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Blackie: Male, hatched in the wild. He came from a facility in the Florida Everglades and arrived at the Zoo on September 10, 1956. At more than 50, Blackie is one of the oldest animals in the Zoo.
The Reptile House
American alligators are generally gray or black in color and have a broad, flat head and rounded snout, along with short sturdy limbs, webbed feet and sharp claws. Their bottom teeth aren't visible when the mouth is closed.
They lay 20-60 eggs in a mound of mud, humus and rotting vegetation near the water's edge. Incubation averages 65 days. After the eggs hatch, the mother may stay with her young for one to three years.
Alligators have no chromosomes to determine sex. Sex is determined by incubation temperature. Less than 30 degrees Celsius produces females, more than 34 degrees Celsius produces males.
Alligators spend much of their day basking on shores of rivers and lakes hidden in vegetation.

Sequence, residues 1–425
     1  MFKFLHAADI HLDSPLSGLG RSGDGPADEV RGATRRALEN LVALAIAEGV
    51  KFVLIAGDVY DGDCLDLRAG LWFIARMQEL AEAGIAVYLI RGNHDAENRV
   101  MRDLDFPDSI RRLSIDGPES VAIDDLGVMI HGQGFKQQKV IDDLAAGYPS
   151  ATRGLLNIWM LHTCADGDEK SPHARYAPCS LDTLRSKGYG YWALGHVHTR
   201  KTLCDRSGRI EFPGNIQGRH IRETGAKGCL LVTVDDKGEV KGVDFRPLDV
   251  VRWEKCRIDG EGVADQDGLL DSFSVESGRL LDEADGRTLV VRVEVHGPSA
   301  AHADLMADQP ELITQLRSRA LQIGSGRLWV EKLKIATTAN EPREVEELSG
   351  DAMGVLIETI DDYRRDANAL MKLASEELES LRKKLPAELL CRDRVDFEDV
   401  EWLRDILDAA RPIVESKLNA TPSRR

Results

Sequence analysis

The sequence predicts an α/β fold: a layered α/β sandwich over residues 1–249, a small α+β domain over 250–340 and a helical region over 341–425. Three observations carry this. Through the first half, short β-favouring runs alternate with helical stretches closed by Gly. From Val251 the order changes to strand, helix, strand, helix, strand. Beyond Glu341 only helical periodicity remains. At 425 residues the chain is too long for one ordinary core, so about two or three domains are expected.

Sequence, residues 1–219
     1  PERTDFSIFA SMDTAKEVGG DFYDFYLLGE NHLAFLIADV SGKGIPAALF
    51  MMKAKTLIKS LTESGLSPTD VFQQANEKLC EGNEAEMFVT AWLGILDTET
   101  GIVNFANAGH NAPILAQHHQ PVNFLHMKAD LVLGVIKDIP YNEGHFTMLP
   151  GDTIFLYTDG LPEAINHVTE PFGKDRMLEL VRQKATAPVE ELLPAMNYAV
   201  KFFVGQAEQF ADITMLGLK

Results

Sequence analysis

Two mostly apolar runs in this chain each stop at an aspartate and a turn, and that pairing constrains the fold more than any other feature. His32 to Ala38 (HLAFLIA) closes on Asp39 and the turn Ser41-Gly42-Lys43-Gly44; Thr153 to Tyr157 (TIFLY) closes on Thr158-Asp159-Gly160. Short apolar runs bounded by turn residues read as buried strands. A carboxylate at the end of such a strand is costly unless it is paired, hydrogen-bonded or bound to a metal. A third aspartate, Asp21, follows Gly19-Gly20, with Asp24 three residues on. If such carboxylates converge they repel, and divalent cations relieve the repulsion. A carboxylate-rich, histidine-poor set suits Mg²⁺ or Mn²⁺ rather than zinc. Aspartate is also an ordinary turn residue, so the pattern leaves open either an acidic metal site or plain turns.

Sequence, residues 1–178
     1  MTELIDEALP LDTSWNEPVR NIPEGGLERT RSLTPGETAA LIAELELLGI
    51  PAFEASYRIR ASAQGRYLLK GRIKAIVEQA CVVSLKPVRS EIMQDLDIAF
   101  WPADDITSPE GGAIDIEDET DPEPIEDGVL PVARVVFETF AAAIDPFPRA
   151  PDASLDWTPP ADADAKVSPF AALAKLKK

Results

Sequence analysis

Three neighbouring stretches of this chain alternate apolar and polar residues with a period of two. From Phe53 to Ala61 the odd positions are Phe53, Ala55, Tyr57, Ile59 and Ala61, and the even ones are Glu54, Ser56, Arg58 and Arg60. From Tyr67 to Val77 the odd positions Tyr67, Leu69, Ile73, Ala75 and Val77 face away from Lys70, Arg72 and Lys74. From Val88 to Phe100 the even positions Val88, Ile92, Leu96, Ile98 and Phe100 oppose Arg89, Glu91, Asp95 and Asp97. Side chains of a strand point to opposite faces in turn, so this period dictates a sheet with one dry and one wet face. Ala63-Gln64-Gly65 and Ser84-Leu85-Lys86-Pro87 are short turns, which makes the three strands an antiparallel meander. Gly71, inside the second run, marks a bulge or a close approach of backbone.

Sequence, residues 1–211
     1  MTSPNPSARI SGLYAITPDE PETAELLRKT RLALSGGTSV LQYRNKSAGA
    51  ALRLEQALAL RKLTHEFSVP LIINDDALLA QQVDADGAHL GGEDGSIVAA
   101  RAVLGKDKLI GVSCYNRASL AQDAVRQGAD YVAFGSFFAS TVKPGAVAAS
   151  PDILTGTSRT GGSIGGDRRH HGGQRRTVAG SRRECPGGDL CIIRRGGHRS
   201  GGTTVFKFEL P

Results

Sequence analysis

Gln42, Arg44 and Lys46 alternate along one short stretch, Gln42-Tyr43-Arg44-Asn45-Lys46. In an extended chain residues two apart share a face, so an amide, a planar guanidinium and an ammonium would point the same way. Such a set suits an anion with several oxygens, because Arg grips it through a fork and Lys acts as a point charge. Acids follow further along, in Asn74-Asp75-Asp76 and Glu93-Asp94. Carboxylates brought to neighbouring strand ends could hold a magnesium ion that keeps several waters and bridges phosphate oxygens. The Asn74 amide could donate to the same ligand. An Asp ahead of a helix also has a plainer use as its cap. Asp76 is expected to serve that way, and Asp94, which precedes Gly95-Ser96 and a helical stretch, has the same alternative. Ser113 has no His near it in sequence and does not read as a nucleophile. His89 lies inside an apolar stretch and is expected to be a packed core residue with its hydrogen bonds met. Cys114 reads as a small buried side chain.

They have a complex system of social communication. This includes seven different identified vocalizations, subsonic vibrations and a series of behaviors such as jaw slapping on the waters surface. These all combine to communicate territory between males, indicate gender in areas of poor visibility and the alarm calls of hatchlings will bring adults to the rescue.
The American alligator's broad, heavy head is an adaptation to living in heavily vegetated swamps--a heavy head has more momentum to help catch prey by smashing through thick vegetation.
Adults males typically range from 13 feet (3.9 meters) to almost 15 feet (4.5 meters), females reach lengths of almost 10 feet (3 meters).
In the wild, American alligators eat fish, turtles, snakes, mammals and birds. At the Zoo, they're fed rats and chicken.
Their native habitat is the swamps, ponds, lakes, sluggish rivers and marshes of the southeastern U.S. from North Carolina to Texas.
To learn more about the conservation efforts at the Philadelphia Zoo, click here.
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